Rural idyll under stress
To mark Mental Health Awareness Week, Eileen Davies, Archdeacon of Cardigan, considers the effects of the pandemic on our rural communities and highlights the work of Tir Dewi
Staying at home and self-isolating can mean not seeing or speaking to anyone for days on end. At the beginning of the lockdown, this was not too bad, but as the weeks roll on, loneliness takes its toll. We have seen rural communities come together to telephone on people on a regular basis, with an assigned list for each individual to contact, social media keeps people in touch as do Skype, Facetime and emails, if you have broadband. In various parts of our deep rural areas, mobile signal and broadband are non-existent, but nothing compares to having a chat.
The Young Farmers’ Club Movement leads the way in contacting their members, engaging in various online competitions, videoing a young farmer carrying out everyday tasks. The Young Farmers’ Club, in each of their local areas, have posted flyers through letterboxes with telephone numbers of members offering to pick up shopping, prescriptions, or just to have a chat.
Farming, the backbone of our rural areas, has to carry on through the pandemic, with the regular routine of milking every morning and evening, to provide daily fresh milk to consumers. But for some dairy farmers the milk processor has no market for their milk, with coffee shops closed, no ferries running and no aeroplanes flying, so the plug on the milk tank is pulled, with millions of litres flowing down the drain. Taking livestock to markets is different, with some livestock markets operating a drop and go system, where the farmer does not get out of the vehicle, the drover takes the livestock to the pens, and the farmer heads home, not talking to anyone. The price is decided between the auctioneer and the dealers present. Spring lambs have seen a good trade, with demand reflecting decent prices. The beef market, on the other hand, has declined, as the consumer cannot afford to buy the most expensive cuts of meat and restaurants are closed, the latter being where the main market opportunities for steak would be realised.
The dry, sunny weather has enabled the farmers to plough the land and sow, (which will require a drop of rain), the sheep to be sheared and the first cut of silage to be mowed. Agriculture never stops, so as to ensure there is fresh food readily available on our tables, produced locally from field to fork. Farmers are key workers.
The spring sunshine can tempt people to venture to rural areas, for walks, exercise and cycling, with footpaths in secluded places an attraction. But I trust people will be responsible and stay at home, not to put our rural people at risk. Caring for the vulnerable has proved difficult for some, with carers having to travel to individual homes, having to ensure their safety and the safety of the ones for whom they care. Care homes have been closed to all visitors, with loved ones not able to visit. Respite care for some families is a lifeline, but now this is not possible, and the weight of solely caring for a loved one is born upon the one shoulder.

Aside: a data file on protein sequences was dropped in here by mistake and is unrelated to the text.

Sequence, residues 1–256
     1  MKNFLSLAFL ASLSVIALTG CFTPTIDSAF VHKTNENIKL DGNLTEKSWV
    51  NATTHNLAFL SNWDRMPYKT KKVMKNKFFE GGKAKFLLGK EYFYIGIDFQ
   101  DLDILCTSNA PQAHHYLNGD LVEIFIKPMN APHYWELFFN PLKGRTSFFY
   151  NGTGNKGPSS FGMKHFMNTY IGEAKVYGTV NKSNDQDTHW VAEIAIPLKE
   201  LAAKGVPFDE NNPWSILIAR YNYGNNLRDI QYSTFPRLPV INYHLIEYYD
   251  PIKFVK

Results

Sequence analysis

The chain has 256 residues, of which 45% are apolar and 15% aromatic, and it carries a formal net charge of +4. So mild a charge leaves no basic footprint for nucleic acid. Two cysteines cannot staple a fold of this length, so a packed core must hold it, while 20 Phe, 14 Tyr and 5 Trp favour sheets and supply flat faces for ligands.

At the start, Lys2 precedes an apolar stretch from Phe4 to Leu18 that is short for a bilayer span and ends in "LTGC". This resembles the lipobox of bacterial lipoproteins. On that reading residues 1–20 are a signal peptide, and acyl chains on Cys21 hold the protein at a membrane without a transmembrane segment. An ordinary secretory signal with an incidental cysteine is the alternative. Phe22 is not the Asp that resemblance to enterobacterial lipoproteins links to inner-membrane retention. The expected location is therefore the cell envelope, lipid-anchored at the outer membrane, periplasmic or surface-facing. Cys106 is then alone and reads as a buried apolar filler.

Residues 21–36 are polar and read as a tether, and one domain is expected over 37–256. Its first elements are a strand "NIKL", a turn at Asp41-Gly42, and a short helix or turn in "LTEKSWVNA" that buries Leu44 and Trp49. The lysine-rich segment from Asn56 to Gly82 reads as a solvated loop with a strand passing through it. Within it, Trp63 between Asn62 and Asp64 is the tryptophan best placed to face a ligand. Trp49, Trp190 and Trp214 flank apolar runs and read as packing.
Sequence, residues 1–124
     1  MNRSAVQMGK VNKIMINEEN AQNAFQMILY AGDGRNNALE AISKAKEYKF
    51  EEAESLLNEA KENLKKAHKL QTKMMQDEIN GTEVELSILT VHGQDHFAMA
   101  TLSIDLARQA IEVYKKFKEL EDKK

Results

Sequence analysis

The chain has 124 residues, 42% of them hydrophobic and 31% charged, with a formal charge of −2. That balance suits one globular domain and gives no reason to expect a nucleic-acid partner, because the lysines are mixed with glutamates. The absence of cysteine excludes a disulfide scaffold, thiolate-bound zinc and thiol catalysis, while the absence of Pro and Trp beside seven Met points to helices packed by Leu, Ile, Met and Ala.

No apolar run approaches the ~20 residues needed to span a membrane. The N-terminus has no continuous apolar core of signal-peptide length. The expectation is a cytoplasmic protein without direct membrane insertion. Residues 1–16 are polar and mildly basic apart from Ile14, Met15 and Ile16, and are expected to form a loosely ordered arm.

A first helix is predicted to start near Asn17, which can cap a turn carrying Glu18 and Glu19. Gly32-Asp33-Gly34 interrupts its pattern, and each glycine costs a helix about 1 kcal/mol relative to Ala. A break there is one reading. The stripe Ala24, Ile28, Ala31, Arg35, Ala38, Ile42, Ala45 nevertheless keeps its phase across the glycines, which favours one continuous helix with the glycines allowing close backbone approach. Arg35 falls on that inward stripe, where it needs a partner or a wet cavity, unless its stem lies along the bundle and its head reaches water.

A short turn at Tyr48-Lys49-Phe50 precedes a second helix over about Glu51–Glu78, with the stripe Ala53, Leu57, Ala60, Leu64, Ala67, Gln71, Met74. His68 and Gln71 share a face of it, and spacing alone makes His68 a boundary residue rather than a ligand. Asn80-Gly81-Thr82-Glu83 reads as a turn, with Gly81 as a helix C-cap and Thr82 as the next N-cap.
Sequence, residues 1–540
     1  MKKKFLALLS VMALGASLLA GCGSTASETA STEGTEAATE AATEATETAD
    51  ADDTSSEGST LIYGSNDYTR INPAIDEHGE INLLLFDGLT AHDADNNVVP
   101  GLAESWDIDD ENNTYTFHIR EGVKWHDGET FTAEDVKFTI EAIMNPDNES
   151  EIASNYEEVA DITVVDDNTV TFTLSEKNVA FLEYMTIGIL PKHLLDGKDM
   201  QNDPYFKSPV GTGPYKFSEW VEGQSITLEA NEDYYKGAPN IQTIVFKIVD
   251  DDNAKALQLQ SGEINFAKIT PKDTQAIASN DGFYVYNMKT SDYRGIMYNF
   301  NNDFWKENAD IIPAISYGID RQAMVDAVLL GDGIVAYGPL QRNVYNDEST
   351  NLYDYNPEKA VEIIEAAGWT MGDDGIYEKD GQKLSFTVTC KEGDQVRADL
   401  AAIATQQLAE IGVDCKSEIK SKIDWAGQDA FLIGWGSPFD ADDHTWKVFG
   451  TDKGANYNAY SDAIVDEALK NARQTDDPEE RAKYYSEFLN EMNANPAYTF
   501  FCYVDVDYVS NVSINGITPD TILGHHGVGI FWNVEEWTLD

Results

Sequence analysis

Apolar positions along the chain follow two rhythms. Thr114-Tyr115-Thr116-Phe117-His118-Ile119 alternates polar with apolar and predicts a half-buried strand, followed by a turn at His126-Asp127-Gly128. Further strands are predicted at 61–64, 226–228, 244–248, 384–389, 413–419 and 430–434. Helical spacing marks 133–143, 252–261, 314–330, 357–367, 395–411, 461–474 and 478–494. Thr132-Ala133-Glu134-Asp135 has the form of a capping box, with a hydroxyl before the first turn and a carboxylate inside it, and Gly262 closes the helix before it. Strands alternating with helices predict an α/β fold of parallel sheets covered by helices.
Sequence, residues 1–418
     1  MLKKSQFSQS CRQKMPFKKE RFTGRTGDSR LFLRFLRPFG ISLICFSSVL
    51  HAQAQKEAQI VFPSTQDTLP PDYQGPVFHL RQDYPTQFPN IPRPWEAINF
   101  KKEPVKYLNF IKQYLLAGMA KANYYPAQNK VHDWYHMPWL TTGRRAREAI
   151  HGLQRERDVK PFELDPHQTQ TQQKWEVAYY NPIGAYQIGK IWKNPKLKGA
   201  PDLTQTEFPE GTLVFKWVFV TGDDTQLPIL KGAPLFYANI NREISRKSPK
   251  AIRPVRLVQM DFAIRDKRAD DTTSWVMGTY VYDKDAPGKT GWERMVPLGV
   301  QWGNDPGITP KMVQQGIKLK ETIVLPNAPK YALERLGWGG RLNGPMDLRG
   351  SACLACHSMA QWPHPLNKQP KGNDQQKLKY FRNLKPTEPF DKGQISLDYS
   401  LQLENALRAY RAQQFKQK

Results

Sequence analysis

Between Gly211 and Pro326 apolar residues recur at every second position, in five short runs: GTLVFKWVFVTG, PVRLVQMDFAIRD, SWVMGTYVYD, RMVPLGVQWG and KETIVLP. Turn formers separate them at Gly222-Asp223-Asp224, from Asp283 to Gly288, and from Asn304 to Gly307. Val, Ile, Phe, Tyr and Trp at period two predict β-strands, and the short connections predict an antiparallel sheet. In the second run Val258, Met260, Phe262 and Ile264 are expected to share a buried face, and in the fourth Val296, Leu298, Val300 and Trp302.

The knock on effect of Covid-19 will be felt for a very long time, financially. But what of the mental well-being of all who are isolated? Tir Dewi was formed in response to a growing and serious need to help West Wales farmers in difficult times as a helpline, listening service and a signpost service.Volunteer Tom Kendall, a college student, describes how he supports Tir Dewi in Ceredigion.
Last year there was a project at Coleg Ceredigion to improve the mental health of people in rural Wales. This is when I came across Tir Dewi which was helping farmers.
I contacted Tir Dewi for more information and they sent posters, leaflets and cards with contact details. Every month at Coleg Ceredigion I set up a stand and a number of young people in college who are farmers are now more aware of where they (or family members) can to get help if they have problems.
I have the privilege of going to school as part of my youth parliament role for Ceredigion and talking about the work the organisation is doing here in West Wales.
I am so pleased that I have been given the opportunity to share Tir Dewi’s message with young people. It is vital that we talk about how we feel because farming can be a very hard job and it can feel isolating. This quote is very important: “Every farmer is an individual; whatever your problem, there’s an answer.” There's an answer there for everyone and we need to talk more about mental health.
Tir Dewi is ready to help. Contact details: 0800 121 4722, freephone number available between 07.00 and 22.00.